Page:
Early in the day, experts in the field emphasized the importance of sticking to the mission of the non-profit entity. The discussion of integrity and ethics in this matter was quite pronounced, and I felt that the message really hit home. Later in the day, we were placed into groups of maybe 8-10 people; each group culturally and professional diverse. We were given a set of exercises, only one of which I still recall. We were asked to discuss and make a decision on a large donation to the organization that came with specific details- details that attached restrictions to the donation, most of which ran contrary to the mission of the organization.

I remember sitting, actually stunned in silence, as our group, made up of professional community and religious leaders, worked assiduously, even in a fictional exercise, to find a way to accept that donation. They worked to alter the mission and the services of the organization- whatever it took. I was appalled.

President Bush is beginning to push his "traditional marriage amendment" again in a seemingly desperate attempt for support. Of interest in this matter, is not my stance on gay marriage, which I have frequently commented on, rather the opinion of Vice-President Dick Cheney. The Vice-President opposes a constitutional amendment on traditional marriage, not because he is suddenly open-minded on the issue, but because his daughter is gay. Analogically, the very conservative Vice-President opposing a gay marriage amendment is like the pro-life parents that recommend an abortion to their daughter because an early pregnancy threatens her college education and subsequent career.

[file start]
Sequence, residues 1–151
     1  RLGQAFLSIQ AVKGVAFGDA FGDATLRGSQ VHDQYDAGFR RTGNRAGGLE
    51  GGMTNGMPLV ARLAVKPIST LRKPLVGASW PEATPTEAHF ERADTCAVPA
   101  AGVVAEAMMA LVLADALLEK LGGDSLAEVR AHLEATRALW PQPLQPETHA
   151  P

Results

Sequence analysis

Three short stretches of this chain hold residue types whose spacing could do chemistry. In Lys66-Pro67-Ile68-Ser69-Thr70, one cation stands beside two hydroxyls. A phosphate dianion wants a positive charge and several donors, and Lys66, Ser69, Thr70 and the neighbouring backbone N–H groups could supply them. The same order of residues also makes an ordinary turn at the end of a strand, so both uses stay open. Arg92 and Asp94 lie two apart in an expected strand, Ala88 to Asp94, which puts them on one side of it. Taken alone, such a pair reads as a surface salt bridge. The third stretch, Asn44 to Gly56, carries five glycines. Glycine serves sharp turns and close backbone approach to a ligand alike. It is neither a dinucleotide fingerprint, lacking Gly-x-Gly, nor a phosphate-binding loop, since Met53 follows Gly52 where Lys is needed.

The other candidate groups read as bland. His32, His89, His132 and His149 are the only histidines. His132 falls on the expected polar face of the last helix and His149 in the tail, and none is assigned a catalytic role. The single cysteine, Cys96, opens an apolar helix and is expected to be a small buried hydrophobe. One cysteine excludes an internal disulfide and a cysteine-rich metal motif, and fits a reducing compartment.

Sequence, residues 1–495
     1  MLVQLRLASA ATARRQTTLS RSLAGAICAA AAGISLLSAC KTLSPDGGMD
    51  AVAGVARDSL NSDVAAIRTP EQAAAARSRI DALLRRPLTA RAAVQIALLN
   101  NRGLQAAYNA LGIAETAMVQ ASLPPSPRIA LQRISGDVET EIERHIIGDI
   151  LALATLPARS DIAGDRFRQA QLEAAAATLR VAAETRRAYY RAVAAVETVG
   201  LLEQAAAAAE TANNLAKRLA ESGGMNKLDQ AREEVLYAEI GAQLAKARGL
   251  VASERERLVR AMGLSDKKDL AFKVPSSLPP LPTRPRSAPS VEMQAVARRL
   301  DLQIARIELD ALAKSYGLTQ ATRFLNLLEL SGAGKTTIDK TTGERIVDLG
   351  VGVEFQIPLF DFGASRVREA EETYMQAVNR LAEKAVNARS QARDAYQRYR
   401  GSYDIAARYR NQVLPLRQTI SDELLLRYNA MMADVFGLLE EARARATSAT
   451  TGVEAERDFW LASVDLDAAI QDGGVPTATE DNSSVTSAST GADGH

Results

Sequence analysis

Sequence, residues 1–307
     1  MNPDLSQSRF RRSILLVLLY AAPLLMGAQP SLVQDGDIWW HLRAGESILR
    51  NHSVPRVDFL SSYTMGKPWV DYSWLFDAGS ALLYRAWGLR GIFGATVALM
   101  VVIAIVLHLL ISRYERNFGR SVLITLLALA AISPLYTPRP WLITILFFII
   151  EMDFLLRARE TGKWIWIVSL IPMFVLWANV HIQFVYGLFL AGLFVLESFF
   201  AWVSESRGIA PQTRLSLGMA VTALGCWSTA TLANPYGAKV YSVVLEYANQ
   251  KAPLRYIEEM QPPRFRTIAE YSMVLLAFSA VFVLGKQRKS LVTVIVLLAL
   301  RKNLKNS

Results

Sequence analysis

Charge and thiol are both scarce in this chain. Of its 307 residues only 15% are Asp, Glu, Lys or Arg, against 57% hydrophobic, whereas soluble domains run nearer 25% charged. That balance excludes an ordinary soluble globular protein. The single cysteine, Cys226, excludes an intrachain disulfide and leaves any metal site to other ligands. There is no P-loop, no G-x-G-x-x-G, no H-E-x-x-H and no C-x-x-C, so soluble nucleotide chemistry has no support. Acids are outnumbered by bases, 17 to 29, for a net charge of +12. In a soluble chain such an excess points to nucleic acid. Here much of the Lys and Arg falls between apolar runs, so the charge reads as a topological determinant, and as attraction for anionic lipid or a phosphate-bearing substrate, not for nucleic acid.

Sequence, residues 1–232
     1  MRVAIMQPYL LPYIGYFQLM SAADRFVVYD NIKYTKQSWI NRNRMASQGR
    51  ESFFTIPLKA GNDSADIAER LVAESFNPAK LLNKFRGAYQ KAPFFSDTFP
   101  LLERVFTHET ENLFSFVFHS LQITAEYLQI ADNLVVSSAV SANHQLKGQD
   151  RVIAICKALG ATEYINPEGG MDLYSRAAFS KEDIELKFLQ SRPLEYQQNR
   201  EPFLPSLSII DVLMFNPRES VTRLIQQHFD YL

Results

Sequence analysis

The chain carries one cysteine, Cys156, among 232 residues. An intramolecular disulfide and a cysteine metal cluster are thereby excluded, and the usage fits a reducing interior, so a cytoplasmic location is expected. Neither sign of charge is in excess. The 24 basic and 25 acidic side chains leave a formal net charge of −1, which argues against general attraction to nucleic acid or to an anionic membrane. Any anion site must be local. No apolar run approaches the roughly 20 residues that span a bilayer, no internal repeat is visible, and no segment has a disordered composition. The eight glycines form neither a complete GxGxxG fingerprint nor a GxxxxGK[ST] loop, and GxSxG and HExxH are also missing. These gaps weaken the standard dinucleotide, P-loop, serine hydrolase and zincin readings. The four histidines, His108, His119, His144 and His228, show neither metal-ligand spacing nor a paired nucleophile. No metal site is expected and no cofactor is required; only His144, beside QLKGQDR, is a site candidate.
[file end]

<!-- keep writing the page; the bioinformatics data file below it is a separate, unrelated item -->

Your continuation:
The obvious politicking of the issue is embarrassing, as frantic Republicans seek to rekindle the conservative flame that was so successful in 2004. However, my only point is to ask what is the chance that Vice-President Cheney would be opposed to a constitutional amendment on traditional marriage if his daughter was not gay? In the same manner, how adamant would President Bush be if his daughter was gay? Finally, how much would any Republican, except the most evangelical, care about the issue if it was not seen as a dividing issue- one that successfully factored in President Bush's reelection?

It seems that people make decisions, in business, politics and their personal lives based on their personal interest- not what is right or wrong. In the midst of opportunity or in the fear of danger, principle and ethics are tossed aside. The justification of these decisions is often easy, even if the intent is obvious and well-known to others. It is like when people say it is not about the money, then, of course, it is usually about the money. When people change their opinions on an issue, it is usually because the opposing argument now holds a more opportunistic or consequential interest.